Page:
news 2014



Results 21 - 40 of 90.

Electroengineering - Physics - 11.08.2014
Pairing old technologies with new for next generation electronic devices
Pairing old technologies with new for next generation electronic devices
UCL scientists have discovered a new method to efficiently generate and control currents based on the magnetic nature of electrons in semi-conducting materials, offering a radical way to develop a new generation of electronic devices. One promising approach to developing new technologies is to exploit the electron's tiny magnetic moment, or 'spin'.

Electroengineering - 04.08.2014
A little video game-playing linked with better-adjusted children
Shutterstock'src=H0zUTI9ClkDqiDqzwCtZYw-1-42 A new study suggests video game-playing for less than an hour a day is linked with better-adjusted children and teenagers.

Physics - Electroengineering - 04.08.2014
Learning how things fall apart
Learning how things fall apart
Materials that are firmly bonded together with epoxy and other tough adhesives are ubiquitous in modern life - from crowns on teeth to modern composites used in construction. Yet it has proved remarkably difficult to study how these bonds fracture and fail, and how to make them more resistant to such failures.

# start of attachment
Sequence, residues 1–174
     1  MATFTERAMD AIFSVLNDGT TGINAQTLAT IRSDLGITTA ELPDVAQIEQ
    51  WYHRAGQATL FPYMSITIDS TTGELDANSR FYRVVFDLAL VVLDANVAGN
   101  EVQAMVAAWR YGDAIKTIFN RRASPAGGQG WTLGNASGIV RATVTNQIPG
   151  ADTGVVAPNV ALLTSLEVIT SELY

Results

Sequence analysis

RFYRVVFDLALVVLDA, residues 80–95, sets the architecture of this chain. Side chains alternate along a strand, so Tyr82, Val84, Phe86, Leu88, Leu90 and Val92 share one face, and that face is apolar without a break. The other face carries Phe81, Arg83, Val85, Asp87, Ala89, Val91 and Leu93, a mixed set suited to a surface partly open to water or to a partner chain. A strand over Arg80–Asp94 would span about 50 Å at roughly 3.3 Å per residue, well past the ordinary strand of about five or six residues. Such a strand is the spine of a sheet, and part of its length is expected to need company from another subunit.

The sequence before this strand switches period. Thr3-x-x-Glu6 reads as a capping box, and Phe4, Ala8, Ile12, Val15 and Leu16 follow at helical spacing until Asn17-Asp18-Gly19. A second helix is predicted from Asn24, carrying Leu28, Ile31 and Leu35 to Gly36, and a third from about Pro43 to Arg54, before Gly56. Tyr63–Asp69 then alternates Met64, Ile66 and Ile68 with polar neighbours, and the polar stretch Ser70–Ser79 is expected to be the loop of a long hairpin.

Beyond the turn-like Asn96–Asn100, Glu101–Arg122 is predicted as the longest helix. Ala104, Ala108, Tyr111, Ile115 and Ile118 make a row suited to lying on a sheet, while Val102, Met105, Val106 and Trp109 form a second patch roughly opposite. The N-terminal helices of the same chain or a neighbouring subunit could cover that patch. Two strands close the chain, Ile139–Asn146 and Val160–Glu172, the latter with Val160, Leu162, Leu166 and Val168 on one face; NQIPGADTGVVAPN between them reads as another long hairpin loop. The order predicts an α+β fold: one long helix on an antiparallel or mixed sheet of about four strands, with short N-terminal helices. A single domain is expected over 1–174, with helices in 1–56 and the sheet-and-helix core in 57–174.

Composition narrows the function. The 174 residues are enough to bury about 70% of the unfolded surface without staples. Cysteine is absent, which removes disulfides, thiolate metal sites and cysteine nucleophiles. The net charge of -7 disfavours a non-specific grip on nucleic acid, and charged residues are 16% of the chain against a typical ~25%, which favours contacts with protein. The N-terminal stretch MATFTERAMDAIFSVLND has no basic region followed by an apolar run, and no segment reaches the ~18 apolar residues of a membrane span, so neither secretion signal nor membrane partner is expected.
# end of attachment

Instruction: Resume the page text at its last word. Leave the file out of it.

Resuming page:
Physics - Electroengineering - 04.08.2014
Los Alamos probes mysteries of uranium dioxide's thermal conductivity
Los Alamos probes mysteries of uranium dioxide’s thermal conductivity
New research is showing that the thermal conductivity of cubic uranium dioxide is strongly affected by interactions between phonons carrying heat and magnetic spins. "A deeper understanding of the physics that governs the performance of important engineering materials, such as uranium dioxide, should lead to improvements in efficiency and safety," said David Andersson.

Computer Science - Electroengineering - 03.08.2014
Extracting audio from visual information
Researchers at MIT, Microsoft, and Adobe have developed an algorithm that can reconstruct an audio signal by analyzing minute vibrations of objects depicted in video. In one set of experiments, they were able to recover intelligible speech from the vibrations of a potato-chip bag photographed from 15 feet away through soundproof glass.